"It is obviously a very exciting time for everybody, ourselves included.
"If you had offered us the position to play in a final the day after we were knocked out of 2015 World Cup, I would have laughed at you.
Jofra Archer (England): "I don't think it's really sunk in yet. But the calmer you are the better you are in these situations.
"I just think I've always been like this. I try not to get nervous because then you end up doing stuff that you are not really supposed to do.
"Butterflies? Not really. Even when we were at breakfast before Australia...I may be wrong but I don't think anyone looked nervous. Everyone just looked focused by the time we got into the ground. It's those little things that make you feel like the guys are really ready."
Kane Williamson has been one of the tournament's stand-out stars and tops the batting averages despite being notably starved of support.
His mark of 91.33 is just under five runs clear of second-placed Bangladesh all-rounder Shakib Al Hasan on 86.57 - but almost 50 runs clear of his nearest team-mate, Ross Taylor at 41.87.
England, meanwhile, have Jason Roy (71.00) and Joe Root (68.62) in the top 10, with the pair joined by Jonny Bairstow among the top 10 overall run-scorers.
Root is fourth on 549 - one place and one run ahead of Williamson, albeit in two more innings - with Bairstow seventh on 496 and Roy 10th with 426 in only six innings.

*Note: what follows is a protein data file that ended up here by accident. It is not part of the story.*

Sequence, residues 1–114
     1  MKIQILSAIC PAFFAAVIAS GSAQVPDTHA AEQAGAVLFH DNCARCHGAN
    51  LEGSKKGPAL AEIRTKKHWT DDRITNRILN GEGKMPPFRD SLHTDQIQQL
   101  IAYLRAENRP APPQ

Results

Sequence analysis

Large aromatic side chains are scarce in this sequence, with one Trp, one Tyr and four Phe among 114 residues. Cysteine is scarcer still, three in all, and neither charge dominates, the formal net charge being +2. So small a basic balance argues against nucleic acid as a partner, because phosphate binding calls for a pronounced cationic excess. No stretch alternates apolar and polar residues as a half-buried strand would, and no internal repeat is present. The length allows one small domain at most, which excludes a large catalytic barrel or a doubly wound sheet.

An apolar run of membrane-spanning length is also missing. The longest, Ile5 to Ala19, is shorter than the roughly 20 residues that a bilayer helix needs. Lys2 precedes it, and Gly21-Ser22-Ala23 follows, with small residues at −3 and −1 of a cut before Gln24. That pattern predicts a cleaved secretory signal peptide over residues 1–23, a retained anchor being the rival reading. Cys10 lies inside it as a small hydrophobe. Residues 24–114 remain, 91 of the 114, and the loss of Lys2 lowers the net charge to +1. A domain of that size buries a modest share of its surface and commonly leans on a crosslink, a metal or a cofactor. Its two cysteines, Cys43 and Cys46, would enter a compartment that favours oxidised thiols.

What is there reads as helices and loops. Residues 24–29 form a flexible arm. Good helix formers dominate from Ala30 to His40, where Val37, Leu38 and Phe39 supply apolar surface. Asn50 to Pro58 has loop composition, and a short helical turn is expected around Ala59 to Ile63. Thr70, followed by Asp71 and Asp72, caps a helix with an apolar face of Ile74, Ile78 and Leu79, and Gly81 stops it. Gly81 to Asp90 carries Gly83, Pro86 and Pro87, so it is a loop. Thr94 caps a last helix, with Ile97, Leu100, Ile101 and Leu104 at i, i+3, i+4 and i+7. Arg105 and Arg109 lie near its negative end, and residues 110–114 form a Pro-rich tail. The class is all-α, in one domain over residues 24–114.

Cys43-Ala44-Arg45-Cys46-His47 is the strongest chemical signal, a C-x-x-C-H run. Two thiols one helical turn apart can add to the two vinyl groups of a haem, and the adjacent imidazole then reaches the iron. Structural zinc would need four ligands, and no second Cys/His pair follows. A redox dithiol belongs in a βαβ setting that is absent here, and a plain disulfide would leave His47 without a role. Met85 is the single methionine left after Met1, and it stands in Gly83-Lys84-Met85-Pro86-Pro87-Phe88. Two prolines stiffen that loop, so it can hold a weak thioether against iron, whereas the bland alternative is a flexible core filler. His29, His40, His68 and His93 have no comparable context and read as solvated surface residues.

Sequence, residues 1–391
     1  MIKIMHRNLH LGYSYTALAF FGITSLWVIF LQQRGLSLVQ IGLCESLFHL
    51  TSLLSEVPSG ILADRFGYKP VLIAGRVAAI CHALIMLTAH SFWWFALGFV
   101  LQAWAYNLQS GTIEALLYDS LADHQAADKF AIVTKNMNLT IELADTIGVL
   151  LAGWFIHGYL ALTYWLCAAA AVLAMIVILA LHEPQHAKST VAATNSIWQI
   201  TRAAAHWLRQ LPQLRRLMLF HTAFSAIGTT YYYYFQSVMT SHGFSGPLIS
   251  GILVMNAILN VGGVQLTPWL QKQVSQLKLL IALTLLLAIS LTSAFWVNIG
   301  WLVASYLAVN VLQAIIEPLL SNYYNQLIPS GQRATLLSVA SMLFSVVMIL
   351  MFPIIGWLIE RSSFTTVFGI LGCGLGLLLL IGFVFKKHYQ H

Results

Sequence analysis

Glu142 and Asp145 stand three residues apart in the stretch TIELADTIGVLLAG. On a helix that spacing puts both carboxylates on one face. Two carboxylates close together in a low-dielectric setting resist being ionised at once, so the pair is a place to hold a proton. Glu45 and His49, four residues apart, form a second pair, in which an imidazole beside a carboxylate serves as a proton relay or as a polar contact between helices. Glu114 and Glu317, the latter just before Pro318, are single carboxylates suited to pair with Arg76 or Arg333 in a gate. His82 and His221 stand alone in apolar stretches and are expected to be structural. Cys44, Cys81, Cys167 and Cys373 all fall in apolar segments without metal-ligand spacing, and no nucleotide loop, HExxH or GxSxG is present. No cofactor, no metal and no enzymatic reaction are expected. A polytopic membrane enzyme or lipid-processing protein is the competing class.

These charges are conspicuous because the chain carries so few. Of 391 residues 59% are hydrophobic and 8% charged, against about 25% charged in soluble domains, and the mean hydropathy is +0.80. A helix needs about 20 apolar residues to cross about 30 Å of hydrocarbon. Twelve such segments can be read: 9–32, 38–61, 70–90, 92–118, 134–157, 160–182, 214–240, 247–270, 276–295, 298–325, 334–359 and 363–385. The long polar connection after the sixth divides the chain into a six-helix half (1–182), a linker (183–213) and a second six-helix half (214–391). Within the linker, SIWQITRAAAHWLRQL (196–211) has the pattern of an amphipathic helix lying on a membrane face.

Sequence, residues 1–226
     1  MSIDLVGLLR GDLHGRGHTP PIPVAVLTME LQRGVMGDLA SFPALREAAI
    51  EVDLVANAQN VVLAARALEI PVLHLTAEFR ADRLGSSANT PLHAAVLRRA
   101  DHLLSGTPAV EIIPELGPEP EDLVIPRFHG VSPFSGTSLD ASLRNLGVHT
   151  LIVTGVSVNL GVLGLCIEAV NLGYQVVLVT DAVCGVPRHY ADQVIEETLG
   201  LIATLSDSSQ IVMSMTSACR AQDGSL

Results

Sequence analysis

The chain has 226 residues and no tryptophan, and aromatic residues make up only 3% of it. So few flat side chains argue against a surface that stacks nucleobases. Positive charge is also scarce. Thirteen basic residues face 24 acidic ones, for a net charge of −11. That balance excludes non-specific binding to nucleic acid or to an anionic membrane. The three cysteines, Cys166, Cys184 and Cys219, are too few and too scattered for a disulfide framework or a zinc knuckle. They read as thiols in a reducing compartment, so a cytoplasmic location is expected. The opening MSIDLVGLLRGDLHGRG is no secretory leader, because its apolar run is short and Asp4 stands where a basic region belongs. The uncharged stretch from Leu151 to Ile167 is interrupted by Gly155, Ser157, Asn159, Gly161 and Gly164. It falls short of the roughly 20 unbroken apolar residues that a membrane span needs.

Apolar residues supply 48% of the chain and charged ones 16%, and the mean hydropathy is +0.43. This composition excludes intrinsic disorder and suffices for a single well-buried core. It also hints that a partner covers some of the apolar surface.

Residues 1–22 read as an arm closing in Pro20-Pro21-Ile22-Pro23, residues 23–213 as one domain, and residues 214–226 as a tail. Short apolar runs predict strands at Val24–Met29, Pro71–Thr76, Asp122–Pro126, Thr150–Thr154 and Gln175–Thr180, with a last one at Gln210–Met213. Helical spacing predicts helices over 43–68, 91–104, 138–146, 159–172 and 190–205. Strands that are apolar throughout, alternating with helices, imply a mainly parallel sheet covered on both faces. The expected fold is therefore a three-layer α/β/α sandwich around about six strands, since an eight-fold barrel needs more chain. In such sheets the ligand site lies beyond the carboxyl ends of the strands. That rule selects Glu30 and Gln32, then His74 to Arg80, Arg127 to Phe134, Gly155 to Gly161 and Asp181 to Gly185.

While there has been nothing to justify the reprinting of spectators' scorecards to accommodate scores up to 500, England have the highest two totals - 397 for six against Afghanistan and 386 for six against Bangladesh - and also led the way in terms of clearing the ropes.
Eoin Morgan's side have hit 74 sixes, 15 more than nearest challengers the West Indies and over three times as many as New Zealand, while the captain leads the way individually with 22 including a world-record 17 against Afghanistan.
Roy is joint-fourth on 12 with opening partner Bairstow one behind in sixth, while Ben Stokes (nine) and Jos Buttler (eight) also make the top 10.
Finally, of the 31 centuries in the tournament, seven have come from England batsmen - two each for Root and Bairstow, with Roy, Morgan and Buttler also contributing. Williamson has the Black Caps' only two tons.